Technology in cars today is moving faster than ever before and it can be hard to keep up with the pace. And as I was strolling through the automakers' displays last week at the Geneva Motor Show, one in particular caught my attention. Approaching the BMW display, I was anxious to see the new 6-Series Coupe, but was quickly distracted. What really sparked my interest was their Vision ConnectedDrive Concept.
First off, they had one concept model mounted to a wall. That's just cool. And second, the sheer presence of the car had quite an effect on everyone there. Besides its love it or hate it styling, it has technology that just 25 some years ago was pure fiction on a T.V. show. That show was Knight Rider (not the 2008 remake) starring the one and only David Hasselhoff with his 80s helmet hair of cool idol fashion. As a kid, I was mesmerized by the talking car that sounded suspiciously like William Daniels (I didn't put the two together until 1993 when he played Mr. Finney on Boy Meets World).
Despite its vocal talents and human-like behavior, KITT was basically an advanced computer on wheels, featuring microprocessors, numerous defense systems, and an in-dash entertainment network that could play music and videos. It could even run arcade games. As far-fetched as any of this sounded in the early to mid-80s, much of this technology is nearly standard with today's infotainment units. People are now even customizing dashboards to fit an iPad. Unsurprisingly, KITT's interior now visually appears out-of-date.
Why? It had too many buttons. Not until the Knight 4000 from the 1991 T.V. movie Knight Rider 2000 did KITT gain more voice-activated technology that eliminated the need for many exposed controls. Even then, that technology seemed so futuristic. I mean, really, could one ever talk to their car via voice commands? So does this mean cars will soon have microwave jammers, laser powerpacks, and ejection seats? Probably not, but checking out some of KITT's other features, specifically the Anamorphic Equalizer, and we may already be there.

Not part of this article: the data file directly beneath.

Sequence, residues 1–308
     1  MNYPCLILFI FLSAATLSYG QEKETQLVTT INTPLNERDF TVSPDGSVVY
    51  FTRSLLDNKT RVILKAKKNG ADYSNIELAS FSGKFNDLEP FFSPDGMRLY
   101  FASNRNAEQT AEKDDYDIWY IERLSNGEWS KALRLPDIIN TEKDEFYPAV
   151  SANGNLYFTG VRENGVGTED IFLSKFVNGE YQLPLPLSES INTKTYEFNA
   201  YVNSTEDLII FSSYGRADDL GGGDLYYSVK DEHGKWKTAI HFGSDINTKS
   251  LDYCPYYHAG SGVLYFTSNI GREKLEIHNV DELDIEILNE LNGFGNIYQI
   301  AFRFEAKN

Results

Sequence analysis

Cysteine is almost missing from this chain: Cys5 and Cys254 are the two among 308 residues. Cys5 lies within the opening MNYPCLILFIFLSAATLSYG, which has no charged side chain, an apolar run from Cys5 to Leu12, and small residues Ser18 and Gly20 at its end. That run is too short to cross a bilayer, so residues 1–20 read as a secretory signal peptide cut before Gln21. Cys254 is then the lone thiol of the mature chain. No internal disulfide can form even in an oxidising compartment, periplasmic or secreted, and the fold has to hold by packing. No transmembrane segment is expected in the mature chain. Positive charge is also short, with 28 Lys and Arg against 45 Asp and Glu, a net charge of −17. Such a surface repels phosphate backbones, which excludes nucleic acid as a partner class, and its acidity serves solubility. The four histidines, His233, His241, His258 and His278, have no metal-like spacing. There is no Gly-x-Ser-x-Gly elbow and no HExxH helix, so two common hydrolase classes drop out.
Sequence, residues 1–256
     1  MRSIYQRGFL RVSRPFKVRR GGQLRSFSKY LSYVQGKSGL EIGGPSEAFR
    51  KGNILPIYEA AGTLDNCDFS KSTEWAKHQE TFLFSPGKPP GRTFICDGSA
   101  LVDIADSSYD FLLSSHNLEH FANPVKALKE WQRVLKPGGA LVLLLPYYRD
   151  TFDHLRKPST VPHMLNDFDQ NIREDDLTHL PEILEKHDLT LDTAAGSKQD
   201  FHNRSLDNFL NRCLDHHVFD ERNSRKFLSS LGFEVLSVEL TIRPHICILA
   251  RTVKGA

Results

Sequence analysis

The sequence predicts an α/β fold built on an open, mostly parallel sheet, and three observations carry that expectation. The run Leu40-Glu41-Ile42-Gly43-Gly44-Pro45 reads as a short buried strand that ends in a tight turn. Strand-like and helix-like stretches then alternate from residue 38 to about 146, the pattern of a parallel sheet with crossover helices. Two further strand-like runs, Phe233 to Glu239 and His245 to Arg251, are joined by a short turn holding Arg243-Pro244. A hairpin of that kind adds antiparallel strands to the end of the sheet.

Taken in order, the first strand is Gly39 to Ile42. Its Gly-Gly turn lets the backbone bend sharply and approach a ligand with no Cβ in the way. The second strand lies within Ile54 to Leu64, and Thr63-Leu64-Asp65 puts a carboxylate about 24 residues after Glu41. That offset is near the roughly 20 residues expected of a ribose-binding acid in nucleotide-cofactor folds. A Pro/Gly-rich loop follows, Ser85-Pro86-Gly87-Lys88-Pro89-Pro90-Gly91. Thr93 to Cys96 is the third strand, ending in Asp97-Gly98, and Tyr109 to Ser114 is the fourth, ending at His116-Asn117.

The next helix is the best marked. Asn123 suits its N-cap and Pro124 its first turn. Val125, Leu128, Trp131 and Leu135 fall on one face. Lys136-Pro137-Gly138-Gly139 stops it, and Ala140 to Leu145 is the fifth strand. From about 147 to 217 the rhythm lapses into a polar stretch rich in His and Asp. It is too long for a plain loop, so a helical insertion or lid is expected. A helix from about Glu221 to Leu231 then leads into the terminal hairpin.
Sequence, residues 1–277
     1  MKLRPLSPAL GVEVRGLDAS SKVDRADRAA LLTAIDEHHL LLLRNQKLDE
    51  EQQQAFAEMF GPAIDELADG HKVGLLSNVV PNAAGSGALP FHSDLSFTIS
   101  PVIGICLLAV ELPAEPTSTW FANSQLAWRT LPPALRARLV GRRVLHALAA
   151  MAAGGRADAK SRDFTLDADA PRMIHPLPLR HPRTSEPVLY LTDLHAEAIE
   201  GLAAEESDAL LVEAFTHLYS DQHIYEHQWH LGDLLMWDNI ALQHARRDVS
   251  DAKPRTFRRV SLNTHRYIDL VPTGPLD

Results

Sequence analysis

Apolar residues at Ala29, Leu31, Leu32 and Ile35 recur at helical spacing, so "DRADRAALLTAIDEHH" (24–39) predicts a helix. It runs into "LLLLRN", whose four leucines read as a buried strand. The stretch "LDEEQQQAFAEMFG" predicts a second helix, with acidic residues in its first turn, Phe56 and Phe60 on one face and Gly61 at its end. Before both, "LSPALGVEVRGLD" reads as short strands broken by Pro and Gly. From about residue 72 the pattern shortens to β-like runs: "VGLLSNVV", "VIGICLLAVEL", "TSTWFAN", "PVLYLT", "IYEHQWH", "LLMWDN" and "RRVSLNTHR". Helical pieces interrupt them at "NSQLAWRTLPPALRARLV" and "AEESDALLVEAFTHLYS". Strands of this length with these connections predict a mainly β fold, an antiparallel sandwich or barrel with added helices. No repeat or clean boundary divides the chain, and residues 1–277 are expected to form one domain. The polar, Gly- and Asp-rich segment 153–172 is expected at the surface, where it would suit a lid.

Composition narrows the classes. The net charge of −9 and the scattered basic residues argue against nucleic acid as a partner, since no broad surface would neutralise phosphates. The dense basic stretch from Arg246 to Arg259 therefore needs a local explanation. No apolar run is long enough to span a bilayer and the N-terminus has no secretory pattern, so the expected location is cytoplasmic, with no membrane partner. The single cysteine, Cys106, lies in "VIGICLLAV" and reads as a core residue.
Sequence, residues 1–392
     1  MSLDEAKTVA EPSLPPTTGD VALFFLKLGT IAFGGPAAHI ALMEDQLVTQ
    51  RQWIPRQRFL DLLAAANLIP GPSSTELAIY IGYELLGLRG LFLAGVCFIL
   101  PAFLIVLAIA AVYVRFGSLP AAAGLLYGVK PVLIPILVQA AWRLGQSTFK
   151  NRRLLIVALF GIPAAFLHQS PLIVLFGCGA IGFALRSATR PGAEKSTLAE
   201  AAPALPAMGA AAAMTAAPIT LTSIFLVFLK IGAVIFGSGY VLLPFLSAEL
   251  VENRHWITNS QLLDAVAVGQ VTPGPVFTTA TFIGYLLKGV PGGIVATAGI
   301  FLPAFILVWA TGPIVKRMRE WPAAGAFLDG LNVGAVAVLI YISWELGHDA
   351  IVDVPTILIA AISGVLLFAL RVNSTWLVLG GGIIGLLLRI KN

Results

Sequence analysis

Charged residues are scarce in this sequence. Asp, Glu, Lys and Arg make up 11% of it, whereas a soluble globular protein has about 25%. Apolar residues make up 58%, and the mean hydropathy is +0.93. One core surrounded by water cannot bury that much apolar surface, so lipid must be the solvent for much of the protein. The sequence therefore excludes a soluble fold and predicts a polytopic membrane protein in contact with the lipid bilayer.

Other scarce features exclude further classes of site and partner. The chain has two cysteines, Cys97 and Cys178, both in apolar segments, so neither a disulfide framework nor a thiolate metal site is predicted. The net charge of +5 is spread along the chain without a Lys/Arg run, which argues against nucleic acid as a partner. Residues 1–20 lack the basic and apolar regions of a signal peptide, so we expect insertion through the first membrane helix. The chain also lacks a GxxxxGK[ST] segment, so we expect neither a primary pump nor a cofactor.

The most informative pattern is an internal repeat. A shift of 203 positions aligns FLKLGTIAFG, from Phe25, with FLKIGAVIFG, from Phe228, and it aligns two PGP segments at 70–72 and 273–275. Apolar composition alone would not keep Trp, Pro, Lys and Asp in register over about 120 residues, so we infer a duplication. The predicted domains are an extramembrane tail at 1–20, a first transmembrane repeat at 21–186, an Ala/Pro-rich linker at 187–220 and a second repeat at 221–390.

What did it fictionally do? Well, it was a fiber-optic laser array with electronic eyes that was capable of "seeing" visual wavelengths, x-ray, and infrared. Off the top of my head, the current Mercedes-Benz S-Class has the Brake Assist Plus system that can monitor the road for impending collisions. It also has the Distronic Plus radar guided cruise control that's capable of bringing the car to a complete stop as it monitors the movement and speed of cars in front. Can the car talk? Kind of (no personality), but it can effectively "see" road and traffic conditions.
Its steering wheel will even vibrate to alert the driver they're swerving into another lane. And now there's the BMW Vision ConnectedDrive Concept. Although it may appear to be just another two-seat roadster concept, it is in fact overflowing with technology. It has a 3D heads-up display that's able to highlight upcoming road hazards using sensors located in the headlights and taillights. There's even a safety system that uses Wi-Fi to "talk" to other cars in order to identify potential collisions.
According to BMW, this is coming to production in the next few years. However, the technology we'll probably see first on future BMWs will be a programmable instrument cluster that allows both the driver and passenger to bring up navigation, entertainment, and communication systems. Information can even be shared between the two displays. Ford, for example, has already done something similar to this with their excellent MyFord Touch system, but BMW is taking it to the next level.
Put all of these current and emerging technologies together, and KITT is nearly parked in your garage. Only missing would be a flame thrower, tear gas launcher, and the voice of William Daniels.